"The Holdovers," the new film from director Alexander Payne, instantly went on my list as one of the best films of 2023 - it is small in scale but large in ambition, with no CGI but plenty of real characters, outstanding performances, and a heartfelt narrative. To me, it felt like something like "Harold and Maude," the 1971 cult film - and that is high praise indeed.
It actually is fitting that "The Holdovers" would remind me of a 1971 film, since it takes place in the final days of 1970. The location is a New England boarding school, where most of the high school students are about to leave for the Christmas holidays. Several cannot leave, however, and they are "the holdovers" of the title, stuck at the school and overseen by a classics professor, Paul Hunham, who as played by Paul Giamatti is everybody's nightmare teacher - strict, imperious, inflexible and insensitive. Also there is the cafeteria administrator, Mary Lamb (Da'Vine Joy Randolph), who has been unable to come top grips with her son's death in Vietnam, and Angus Tully (Dominic Sessa), whose mother and stepfather have gone to the islands without him because they need time alone.
The coming together of these wounded souls is the stuff of excellent drama, directed with understatement by Payne, who directed two of my favorite movies of the past 20 years - "Sideways" (also with Giamatti), and "The Descendants" (with George Clooney). There's nothing flashy or showy about "The Holdovers" - it is, to my mind, a perfect kind of movie, thoughtful, well-crafted, and never condescending to its audience.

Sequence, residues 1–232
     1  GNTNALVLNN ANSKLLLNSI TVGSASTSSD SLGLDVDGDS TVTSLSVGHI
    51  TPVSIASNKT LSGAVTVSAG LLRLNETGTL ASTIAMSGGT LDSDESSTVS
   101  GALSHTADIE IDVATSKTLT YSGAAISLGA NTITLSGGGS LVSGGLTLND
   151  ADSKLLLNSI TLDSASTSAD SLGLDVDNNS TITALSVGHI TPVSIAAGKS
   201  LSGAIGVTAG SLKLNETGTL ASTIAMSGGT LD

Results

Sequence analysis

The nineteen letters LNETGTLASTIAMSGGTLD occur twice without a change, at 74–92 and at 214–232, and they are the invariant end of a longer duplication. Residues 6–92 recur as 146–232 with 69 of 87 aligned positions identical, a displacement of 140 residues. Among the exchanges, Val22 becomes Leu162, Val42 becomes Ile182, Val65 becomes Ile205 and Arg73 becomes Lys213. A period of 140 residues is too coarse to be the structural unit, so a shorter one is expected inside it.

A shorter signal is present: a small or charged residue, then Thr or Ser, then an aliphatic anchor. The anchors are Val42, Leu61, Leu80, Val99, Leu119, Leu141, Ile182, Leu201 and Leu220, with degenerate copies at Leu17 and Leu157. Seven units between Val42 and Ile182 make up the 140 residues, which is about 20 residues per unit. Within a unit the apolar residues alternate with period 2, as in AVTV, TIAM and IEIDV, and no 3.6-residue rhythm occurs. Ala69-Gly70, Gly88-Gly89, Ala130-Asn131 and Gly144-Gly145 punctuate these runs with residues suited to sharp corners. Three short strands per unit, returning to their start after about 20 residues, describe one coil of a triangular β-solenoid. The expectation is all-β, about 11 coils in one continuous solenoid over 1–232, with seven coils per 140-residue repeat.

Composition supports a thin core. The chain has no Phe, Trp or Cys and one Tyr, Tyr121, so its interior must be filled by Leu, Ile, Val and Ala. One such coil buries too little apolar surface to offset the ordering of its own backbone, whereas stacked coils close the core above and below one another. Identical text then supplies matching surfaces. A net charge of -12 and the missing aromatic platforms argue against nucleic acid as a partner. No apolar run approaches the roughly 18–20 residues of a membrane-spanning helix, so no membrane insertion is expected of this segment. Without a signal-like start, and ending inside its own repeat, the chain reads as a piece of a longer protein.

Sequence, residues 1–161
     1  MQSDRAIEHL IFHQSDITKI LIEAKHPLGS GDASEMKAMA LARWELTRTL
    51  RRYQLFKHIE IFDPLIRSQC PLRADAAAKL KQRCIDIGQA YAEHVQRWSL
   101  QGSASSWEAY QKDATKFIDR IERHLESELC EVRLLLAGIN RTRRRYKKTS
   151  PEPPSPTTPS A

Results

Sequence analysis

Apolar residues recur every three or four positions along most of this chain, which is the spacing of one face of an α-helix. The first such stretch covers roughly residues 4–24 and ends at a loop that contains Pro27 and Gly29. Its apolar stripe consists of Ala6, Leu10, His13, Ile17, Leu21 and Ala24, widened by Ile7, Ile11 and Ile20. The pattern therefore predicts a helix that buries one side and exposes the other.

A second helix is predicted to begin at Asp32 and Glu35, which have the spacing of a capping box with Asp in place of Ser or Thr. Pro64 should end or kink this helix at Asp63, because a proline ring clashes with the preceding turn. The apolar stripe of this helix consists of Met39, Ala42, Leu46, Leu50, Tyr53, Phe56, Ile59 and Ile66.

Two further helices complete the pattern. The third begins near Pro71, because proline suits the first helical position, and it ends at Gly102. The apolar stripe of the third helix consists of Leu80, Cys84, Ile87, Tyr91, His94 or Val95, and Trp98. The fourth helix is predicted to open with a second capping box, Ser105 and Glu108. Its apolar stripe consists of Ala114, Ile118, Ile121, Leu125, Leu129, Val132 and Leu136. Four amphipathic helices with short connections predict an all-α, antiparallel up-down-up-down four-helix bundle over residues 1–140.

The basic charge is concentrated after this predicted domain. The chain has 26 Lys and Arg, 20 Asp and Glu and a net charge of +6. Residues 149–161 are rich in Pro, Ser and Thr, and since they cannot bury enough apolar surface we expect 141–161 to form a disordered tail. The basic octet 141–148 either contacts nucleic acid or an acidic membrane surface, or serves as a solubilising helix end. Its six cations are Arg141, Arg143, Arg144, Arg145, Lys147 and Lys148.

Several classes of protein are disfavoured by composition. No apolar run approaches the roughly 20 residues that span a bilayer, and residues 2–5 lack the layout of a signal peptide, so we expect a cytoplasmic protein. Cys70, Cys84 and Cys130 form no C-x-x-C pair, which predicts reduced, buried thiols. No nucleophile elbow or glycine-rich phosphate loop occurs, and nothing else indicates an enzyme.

Also, for what it is worth, "The Holdovers" gets the time and place absolutely right - I was a prep school student (though in New York, not New England) during that precise time period, and in so many ways, that it is exactly what it felt like.
Another real entertainment pleasure of the holidays was Mike Birbiglia's one-man show, "The Old Man & The Pool," on Netflix.
If you don't know Birbiglia's work, you should - he started as a standup comic, but has transcended that form to become a wonderfully wry and insightful storyteller. He has developed this wonderfully circular form - he starts off in one direction, takes some detours, offers some digressions, and then ends up back on a central point while building a narrative that manages to be funny and often painfully resonant. "The Old Man & The Pool" is about aging and death, but it actually is about so much more, and I heartily recommend it to you.
I have a couple of wonderful red wines to recommend to you this week - the 2019 Ameri Malbec from Argentina, which is silky and full and perfect with grilled steak. (If you want to accompany the wine and steak with hash browns, creamed spinach, salad and garlic bread, it would be entirely appropriate. And an excellent decision.
And, there's the 2019 Il Grigio Chianti Classico Riserva from Italy - which was perfect when we uncorked it over the holidays when the kids and their significant others came over for pasta and bolognese sauce. Splendido!
That's it for this week. Have a great weekend, and I'll see you Monday.